}

    Console.WriteLine("Executing stuff after try/catch/finally.");

In this case, the catch won't catch the error, so anything after the whole try/catch/finally will never be reached. However, the finally block will still run.

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Ah, that makes a lot of sense. Thank you. –  Maxx May 23 '13 at 2:39
    
Funny thing is, I've never seen it used in conjunction with throw. I guess it's just good practice. –  Maxx May 23 '13 at 2:41
1  
@Maxx: It's more to handle the cases where you end up with exceptions that weren't accounted for. finally will end up running regardless of how you exit the try/catch, even if it's due to an error you didn't know could happen. So it's a better place to put cleanup code and such. –  cHao May 23 '13 at 2:43
    
Or when there is NO catch block. Then if any code inside the try block throws an error, the exception will get propagated up the stack to the calling routine, to be handled somewhere up the stack, or dealt with as an unhandled Exception. But the code in the finally block will STILL run. –  Charles Bretana May 23 '13 at 2:44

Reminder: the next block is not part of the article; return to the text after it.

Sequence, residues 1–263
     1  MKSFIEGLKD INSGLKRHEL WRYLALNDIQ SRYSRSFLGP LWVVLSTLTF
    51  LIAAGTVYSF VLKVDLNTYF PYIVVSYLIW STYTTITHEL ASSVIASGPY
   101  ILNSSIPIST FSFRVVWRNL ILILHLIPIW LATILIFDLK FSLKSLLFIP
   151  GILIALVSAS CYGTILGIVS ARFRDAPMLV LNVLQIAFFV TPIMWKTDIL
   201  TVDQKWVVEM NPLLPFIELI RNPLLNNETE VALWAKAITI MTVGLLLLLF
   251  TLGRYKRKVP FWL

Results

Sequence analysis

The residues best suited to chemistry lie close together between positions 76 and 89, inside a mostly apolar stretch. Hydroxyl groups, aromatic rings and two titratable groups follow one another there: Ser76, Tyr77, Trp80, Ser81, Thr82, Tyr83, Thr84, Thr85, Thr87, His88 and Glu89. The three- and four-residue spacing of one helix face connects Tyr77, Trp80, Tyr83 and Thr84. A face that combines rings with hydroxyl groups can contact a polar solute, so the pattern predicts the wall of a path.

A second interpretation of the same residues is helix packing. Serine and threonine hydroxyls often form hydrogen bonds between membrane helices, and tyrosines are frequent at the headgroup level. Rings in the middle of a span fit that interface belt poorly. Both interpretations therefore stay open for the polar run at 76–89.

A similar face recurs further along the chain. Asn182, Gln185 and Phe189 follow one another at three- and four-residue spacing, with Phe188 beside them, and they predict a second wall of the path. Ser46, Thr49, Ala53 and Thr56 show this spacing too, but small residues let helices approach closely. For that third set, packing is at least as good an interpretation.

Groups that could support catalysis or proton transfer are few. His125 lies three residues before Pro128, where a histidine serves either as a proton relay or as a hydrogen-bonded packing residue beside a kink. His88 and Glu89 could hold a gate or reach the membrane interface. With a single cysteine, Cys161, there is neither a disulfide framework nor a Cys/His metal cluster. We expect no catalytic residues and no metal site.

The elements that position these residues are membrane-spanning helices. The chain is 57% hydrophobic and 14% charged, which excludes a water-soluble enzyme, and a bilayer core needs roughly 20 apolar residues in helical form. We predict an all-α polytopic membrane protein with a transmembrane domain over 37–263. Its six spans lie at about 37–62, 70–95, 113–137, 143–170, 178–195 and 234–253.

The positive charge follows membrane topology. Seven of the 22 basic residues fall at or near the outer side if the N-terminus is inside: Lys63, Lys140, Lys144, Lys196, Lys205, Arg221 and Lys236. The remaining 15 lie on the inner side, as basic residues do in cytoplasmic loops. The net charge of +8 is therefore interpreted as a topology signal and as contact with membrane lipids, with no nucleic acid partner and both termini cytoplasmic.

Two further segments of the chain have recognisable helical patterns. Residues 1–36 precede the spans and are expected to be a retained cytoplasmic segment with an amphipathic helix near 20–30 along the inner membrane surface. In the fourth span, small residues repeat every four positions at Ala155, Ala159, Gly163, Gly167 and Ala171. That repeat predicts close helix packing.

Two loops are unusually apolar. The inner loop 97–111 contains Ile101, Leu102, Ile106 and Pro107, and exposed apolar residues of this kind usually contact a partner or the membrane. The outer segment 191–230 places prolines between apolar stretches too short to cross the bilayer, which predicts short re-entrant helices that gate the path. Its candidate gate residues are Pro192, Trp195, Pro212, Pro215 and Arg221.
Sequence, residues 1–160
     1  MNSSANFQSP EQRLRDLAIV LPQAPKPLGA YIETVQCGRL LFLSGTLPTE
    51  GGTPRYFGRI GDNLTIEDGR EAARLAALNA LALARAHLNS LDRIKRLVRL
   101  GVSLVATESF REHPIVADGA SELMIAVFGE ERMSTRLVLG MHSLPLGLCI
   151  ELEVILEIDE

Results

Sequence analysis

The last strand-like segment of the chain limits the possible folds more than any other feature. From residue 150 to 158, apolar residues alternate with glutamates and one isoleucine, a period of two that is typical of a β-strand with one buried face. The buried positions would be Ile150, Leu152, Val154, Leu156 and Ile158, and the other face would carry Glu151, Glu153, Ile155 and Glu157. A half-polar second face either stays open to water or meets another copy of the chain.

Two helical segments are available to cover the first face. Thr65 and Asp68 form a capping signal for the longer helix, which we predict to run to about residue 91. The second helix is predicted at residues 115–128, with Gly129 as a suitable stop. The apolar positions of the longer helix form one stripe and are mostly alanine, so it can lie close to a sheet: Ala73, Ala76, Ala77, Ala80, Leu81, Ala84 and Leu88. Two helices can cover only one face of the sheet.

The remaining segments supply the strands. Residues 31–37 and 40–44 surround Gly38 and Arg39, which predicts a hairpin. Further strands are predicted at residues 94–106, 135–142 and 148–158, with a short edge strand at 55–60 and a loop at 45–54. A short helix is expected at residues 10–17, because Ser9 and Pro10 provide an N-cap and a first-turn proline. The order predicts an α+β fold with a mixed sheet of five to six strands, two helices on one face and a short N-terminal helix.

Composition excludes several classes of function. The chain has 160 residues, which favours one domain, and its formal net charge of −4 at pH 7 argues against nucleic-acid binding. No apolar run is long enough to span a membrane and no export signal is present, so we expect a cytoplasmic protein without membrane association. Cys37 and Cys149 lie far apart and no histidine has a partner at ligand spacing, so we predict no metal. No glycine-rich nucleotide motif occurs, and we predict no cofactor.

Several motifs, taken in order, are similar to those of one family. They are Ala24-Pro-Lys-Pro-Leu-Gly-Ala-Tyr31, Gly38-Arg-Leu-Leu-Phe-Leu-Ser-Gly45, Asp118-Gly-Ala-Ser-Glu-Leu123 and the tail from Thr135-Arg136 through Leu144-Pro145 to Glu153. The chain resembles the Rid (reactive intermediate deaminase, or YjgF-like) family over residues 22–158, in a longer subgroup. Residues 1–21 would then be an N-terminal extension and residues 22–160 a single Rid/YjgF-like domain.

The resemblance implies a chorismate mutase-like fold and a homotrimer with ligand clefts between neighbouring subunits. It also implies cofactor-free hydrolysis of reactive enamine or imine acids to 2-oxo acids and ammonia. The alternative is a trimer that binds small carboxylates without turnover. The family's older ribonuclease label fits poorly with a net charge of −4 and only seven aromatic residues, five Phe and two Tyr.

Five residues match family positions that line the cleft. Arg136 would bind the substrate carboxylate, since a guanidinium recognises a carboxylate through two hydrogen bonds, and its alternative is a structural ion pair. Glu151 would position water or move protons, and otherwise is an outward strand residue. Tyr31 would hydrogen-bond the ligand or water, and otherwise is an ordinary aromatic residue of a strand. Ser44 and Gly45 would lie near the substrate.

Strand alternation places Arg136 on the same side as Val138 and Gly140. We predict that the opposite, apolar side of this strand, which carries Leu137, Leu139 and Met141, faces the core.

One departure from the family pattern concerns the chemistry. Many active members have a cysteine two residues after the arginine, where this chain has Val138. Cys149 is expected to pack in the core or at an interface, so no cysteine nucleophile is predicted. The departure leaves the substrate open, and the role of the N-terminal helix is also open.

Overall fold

Or when you rethrow an exception after some error-only cleanup. Or basically any other time you might leave the block via exception. In those cases, code after the block won't run. That's where finally comes in. –  cHao May 23 '13 at 12:24
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try
{
    throw new Exception("Error!");
}
catch (Exception ex)
{
    throw new Exception(ex, "Rethrowing!");
}
finally
{
    // Will still run even through the catch kicked us out of the procedure
}

Console.WriteLine("Doesn't execute anymore because catch threw exception");